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Fertilizer

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Fertilizer

Post  kkalasa on 4/27/2010, 7:37 pm

So I know that fertilizer is not supposed to be needed with Mel's Mix. But...this is my first year gardening and I built and filled my box with dirt before I read all of Mel's book. So my dirt is a mess of composted manure, a little vermiculite and peat moss.

I keep having visions of my first tomato plant years ago that only produced a single tomato. It kinda freaked me out and I wouldn't even eat it.

I have a good amount of lettuce growing and I have peas growing out of control. I have a couple of flowers on the peas but I keep having nightmares of that tomato and I'm afraid my plants won't produce any fruit. (I also planted radishes in the early spring and they never produced a bulb.)

So I bought some organic Miracle gro today but I don't really know what to do with it. My plants are already in the ground so I can't just mix it into the soil, do I try working some in with my fingers?

Can anyone give advise on fertilizer-I really have no idea.

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Re: Fertilizer

Post  timwardell on 4/27/2010, 9:08 pm

First of all, there could have been any number of reasons that tomato plant that haunts you only had one tomato on it. Some years just aren't good for tomatoes. That said, I think you'll find the consensus here on the Forum is, "Don't Fertilize" because with a properly made Mel's Mix there really is no need. However, since you admit you jumped the gun and don't have a proper Mel's Mix in your raised beds your soil may very well be lacking in some essential nutrients.

In a traditional row garden, Tomatoes are typically fertilized BEFORE, DURING and AFTER. By that I mean that about 2-3 weeks before you plant the soil should be prepped with a balanced fertilizer (like 10-10-10). After you put your transplants in the ground a dose of water soluble fertilizer is often applied. After fruit has set (once you start seeing green tomatoes), fertilizer is applied every 2-3 weeks. This is often a slow release granular fertilizer with a high phosphorous content (like 10-20-10). (And people think making Mel's Mix ONE TIME is too much work and too expensive. Imagine messing with all this fertilizer EACH and EVERY YEAR! ... but I digress.)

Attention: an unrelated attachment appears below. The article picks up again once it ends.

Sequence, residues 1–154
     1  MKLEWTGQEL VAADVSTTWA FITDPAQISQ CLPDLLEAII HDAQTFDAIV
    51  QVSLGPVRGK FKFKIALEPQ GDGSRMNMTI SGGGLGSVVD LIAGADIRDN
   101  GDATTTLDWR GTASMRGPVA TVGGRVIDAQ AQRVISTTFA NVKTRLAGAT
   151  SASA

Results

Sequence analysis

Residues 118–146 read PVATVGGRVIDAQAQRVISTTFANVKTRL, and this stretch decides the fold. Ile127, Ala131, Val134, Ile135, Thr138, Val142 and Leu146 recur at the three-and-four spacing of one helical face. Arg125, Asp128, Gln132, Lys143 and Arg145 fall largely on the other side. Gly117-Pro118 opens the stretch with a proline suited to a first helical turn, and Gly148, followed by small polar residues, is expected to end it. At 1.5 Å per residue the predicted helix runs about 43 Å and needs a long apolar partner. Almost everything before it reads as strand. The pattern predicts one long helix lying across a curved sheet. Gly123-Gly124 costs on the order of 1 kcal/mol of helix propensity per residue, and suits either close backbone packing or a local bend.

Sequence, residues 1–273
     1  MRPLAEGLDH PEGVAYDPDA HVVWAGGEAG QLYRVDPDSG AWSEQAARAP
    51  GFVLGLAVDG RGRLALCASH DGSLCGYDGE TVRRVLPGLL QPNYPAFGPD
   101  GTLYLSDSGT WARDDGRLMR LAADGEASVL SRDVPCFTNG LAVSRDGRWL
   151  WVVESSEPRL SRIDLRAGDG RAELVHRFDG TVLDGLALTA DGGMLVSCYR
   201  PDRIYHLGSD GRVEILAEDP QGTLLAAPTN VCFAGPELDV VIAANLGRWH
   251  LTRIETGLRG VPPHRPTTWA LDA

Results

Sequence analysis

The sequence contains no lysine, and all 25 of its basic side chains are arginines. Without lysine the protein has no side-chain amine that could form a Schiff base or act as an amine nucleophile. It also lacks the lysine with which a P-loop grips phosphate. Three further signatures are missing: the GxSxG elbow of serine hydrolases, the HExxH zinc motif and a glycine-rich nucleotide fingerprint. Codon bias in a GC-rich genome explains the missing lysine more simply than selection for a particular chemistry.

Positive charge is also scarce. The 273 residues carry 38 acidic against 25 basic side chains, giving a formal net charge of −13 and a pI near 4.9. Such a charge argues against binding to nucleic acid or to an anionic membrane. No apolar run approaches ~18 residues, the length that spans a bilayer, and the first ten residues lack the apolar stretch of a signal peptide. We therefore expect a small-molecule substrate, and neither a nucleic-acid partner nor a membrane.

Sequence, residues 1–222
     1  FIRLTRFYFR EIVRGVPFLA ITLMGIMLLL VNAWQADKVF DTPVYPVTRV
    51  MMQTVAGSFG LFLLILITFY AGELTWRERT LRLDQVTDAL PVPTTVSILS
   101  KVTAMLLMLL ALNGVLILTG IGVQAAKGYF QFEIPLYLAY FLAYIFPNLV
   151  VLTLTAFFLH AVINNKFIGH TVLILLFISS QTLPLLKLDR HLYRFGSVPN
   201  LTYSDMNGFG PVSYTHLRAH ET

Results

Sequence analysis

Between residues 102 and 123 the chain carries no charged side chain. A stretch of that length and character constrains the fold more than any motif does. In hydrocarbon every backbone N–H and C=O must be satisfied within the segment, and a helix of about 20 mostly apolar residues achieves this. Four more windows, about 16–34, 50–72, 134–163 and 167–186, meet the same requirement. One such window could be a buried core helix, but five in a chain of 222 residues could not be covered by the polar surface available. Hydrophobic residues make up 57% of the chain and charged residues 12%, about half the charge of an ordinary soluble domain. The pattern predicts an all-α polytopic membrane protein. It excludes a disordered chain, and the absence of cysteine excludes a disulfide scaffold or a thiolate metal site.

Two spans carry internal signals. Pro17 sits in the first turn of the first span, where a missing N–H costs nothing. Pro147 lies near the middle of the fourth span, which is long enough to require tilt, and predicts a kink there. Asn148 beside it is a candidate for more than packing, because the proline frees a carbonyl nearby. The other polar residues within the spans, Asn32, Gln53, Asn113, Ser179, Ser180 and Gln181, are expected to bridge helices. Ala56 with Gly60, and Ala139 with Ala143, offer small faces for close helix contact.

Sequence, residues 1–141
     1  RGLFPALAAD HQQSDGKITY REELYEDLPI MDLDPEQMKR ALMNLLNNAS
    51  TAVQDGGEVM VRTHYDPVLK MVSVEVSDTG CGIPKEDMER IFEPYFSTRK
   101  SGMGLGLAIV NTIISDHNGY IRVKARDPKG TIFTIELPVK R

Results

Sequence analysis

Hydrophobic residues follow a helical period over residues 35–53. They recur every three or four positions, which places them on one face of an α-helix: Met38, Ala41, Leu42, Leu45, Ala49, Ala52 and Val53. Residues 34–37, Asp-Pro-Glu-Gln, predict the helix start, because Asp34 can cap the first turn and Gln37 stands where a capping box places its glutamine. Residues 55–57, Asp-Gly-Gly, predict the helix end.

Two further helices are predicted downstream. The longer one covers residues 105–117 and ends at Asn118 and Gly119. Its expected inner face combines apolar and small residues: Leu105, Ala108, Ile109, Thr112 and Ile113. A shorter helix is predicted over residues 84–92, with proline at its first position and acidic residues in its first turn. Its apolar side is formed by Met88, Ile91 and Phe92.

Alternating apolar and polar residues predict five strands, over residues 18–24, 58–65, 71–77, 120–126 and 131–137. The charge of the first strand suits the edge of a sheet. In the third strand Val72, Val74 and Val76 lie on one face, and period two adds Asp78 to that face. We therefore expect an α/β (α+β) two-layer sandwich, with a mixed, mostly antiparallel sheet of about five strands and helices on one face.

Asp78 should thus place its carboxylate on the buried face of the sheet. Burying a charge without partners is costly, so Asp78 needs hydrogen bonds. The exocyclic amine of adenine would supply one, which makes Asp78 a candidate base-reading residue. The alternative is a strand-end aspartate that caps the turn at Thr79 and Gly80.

What type of fertilizer did you buy? Is it granular? Water soluble? How do the directions say to apply it and how often? What's the number on it? (5-10-15, etc.?) Those 3 numbers refer to the amount of Nitorogen (N), Phosphorous (P), and Potassium (K) in the fertilizer. Each serves a different purpose.
* Nitrogen (N): Promotes leafy top growth.
* Phosphorous (P): Promotes root and fruit development.
* Potassium (K): Promotes general durability, disease resistance and cold hardiness.
Thus, if your plants have set fruit and you want to promote fruit development, you'll want a fertilizer with a higher middle number.

Yes, this can all be very confusing but with a properly made Mel's Mix you don't need to know any of it.

If you want to fertilize I suggest you read and follow the directions on the label of the Miracle Grow you purchased. I'm guessing it's a general all purpose veggie fertilizer with all 3 numbers either equal or within 2 or 3 of each other.

Hope this helps.
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Re: Fertilizer

Post  camprn on 4/27/2010, 9:40 pm

+ 1 what Tim said. I would also suggest you do standard testing of your soil. see this link for a simplified description of required soil components for good garden results. Small home test kits may be purchased at your local garden center or contact your county Cooperative Extension Agent for more information.


Last edited by camprn on 4/27/2010, 9:42 pm; edited 1 time in total (Reason for editing : spelling correction)
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Re: Fertilizer

Post  kkalasa on 4/27/2010, 9:48 pm

Thanks, I think I will try the soil testing before I use the fertilizer.

Any thoughts on "fixing" my soil, can I start mixing in proper Mel's mix as I harvest? I have about 4 inches left at the top of my box, should I just wait and fill that space in next year?

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Re: Fertilizer

Post  camprn on 4/27/2010, 9:53 pm

If it was me, I would add the Mel's Mix by square as things move along during the season. If nothing else, I would topdress or add compost directly into the soil. Good luck!
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